Unite says that the charity’s management is “refusing to negotiate with Unite over a cost of living pay increase and the provision of adequate travel expenses” adding that “bosses have outrageously threatened Unite members with disciplinary action if they discuss pay with colleagues during work”.

Other concerns raised by Unite about the charity include “understaffing and imposing unrealistic changes in working practices” that put services at risk. Unite adds that the charity’s referral service has received a recent increase in council funding.

“Hestia management are running this important service into the ground,” says Unite general secretary Sharon Graham. “They’re ignoring dangerous understaffing and low pay. They must acknowledge this now and have meaningful negotiations with the union. These workers have Unite’s full support.”

The union’s regional officer Steve O’Donnell adds this is the first strike action in five decades at the charity, which launched in 1970. “Workers are struggling to make ends meet and Hestia has a recruitment and retention crisis because of poor pay and conditions. Excessive workloads have reached dangerous levels and still bosses refuse to engage with the union. So management must address these problems urgently or the strike goes ahead,” he adds.

A worsening recruitment crisis

Of course, if charities cannot keep up with inflation and strikes become more common, then there will be an increasing recruitment and retention crisis.

Funders are being called on to do more to help charities tackle these challenges, with leaders warning of exhaustion and mental wellbeing concerns across the sector.

The research carried out by IVAR among 32 charity leaders warned: “This sense of exhaustion means that many dedicated people are considering their future. Already a concern during the Covid emergency, leaders have seen an escalation of frontline staff leaving their organisations and other colleagues moving away from senior leadership roles.

There is widespread concern about the breadth of talent leaving the sector, as well as the demands on teams as they cover additional roles.”

Funders are being called on to step in help to subsidise some of the rising costs and increases in employee pay, through focusing on multi-year unrestricted finding and allowing them to adapt and change project plans and budgets if needed.

Extra funding could help with some strike action. At Birmingham charity Asylum Support and Immigration Resource Team (ASIRT), workers have voted to strike in a bid to keep the organisation open. Members of the United Voices of the World (UVW) union want the charity to halt plans to shut down “and instead keep providing vital services to the migrant and refugee communities in Birmingham”.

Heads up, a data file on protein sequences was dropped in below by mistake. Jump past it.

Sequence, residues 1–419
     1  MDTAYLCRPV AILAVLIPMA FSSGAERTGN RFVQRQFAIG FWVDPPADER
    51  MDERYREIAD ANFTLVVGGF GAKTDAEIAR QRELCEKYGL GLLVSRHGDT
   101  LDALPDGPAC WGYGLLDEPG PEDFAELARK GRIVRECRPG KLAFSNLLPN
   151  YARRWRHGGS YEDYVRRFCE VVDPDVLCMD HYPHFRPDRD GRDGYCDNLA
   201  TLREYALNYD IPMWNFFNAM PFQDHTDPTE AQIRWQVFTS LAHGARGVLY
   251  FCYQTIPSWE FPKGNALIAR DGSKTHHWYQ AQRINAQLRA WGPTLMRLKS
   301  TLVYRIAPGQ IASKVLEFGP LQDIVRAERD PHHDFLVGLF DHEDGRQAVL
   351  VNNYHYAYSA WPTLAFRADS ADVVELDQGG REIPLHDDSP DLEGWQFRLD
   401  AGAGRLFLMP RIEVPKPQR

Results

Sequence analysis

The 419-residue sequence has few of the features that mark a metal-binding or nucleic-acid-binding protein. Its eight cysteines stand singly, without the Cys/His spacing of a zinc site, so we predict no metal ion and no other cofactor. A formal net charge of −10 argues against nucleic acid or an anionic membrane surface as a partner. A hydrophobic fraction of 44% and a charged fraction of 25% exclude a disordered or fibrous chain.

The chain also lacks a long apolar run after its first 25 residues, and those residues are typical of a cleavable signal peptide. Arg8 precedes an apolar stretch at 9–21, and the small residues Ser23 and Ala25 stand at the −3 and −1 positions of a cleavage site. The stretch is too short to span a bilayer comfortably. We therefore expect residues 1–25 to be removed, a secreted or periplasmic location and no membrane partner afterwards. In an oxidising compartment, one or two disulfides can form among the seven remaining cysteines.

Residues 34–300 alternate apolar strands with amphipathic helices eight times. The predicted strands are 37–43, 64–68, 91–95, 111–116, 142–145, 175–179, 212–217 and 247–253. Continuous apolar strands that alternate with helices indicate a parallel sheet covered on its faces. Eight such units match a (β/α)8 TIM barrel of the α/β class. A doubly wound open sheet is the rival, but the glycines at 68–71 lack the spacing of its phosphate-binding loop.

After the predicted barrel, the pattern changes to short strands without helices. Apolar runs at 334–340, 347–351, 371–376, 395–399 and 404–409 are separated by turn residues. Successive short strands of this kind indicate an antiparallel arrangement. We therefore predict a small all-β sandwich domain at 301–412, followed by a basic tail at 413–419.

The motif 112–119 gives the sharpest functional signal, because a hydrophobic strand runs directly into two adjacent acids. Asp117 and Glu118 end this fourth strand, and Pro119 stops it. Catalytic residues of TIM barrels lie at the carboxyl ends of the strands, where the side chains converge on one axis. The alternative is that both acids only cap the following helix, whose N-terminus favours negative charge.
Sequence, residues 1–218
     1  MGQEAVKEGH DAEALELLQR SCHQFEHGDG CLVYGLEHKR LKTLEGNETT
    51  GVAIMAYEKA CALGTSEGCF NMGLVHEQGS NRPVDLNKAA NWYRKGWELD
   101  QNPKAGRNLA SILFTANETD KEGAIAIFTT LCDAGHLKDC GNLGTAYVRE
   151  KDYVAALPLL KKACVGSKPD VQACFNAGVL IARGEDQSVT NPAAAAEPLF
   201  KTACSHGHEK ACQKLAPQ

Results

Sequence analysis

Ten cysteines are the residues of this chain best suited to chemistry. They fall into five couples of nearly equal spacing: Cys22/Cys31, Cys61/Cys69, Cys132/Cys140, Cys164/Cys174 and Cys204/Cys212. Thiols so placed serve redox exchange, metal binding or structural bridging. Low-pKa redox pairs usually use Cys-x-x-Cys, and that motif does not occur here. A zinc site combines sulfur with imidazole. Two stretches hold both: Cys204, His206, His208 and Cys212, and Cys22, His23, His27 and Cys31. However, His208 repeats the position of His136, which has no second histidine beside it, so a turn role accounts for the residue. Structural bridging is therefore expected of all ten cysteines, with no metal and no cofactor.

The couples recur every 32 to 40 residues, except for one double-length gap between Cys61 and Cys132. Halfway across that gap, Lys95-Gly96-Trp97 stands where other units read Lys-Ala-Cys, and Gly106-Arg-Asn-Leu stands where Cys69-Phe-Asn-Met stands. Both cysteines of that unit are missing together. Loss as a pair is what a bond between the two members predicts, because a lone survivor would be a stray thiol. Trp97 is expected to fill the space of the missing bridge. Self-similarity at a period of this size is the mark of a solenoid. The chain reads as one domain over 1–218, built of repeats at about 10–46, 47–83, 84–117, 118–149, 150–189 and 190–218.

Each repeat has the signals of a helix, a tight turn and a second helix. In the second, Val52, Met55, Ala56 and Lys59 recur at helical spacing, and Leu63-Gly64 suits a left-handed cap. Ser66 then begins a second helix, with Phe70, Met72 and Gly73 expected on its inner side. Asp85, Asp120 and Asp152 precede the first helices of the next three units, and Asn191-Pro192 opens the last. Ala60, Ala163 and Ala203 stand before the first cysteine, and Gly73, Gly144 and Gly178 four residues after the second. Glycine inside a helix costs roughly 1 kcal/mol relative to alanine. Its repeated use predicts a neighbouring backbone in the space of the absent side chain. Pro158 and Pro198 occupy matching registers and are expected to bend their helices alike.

They also want management at the charity to recognise the union and allow it to collectively bargain “for better working conditions and pay”, the union said in a statement.
“Our members see no credible reason to dissolve this much needed service, UVW calls on the labour movement to back our members to save a crucial legacy of the anti-racist struggles of the people of Birmingham and assert the right of charity workers to organise,” UVW organiser says.

UVW is also representing members working for North London care home charity Sage, which are to vote on strike action due to the cost-of-living crisis. Care, domestic, maintenance and laundry workers at the home are to vote over Christmas on whether to strike in January next year.

They are calling for £14 an hour wages, a sick pay scheme in line with NHS rates, a paid one-hour lunch break and enhanced weekend and night shift rates. The union says that the 37% pay rise achieved in the previous strike action over “poverty wages and lack of PPE” has been turned in a pay cut due to the cost-of-living crisis.

Sage worker Lamin Conteh adds: “We’d like to be recognised for the job we do. This includes being paid a decent wage, that our employer builds capacity in the workplace and that it takes care of us when we are sick.”

Ultimately, it looks as though charities will struggle to find a balance between staying in the black when funding sources dry up, as well as retaining staff in the sector when wages are battling against the cost-of-living crisis. Will strike action be the answer? Time will tell. However, continuing to build a strong relationship with funders and campaigning for external financial support will be crucial to securing much-needed cash in the year ahead.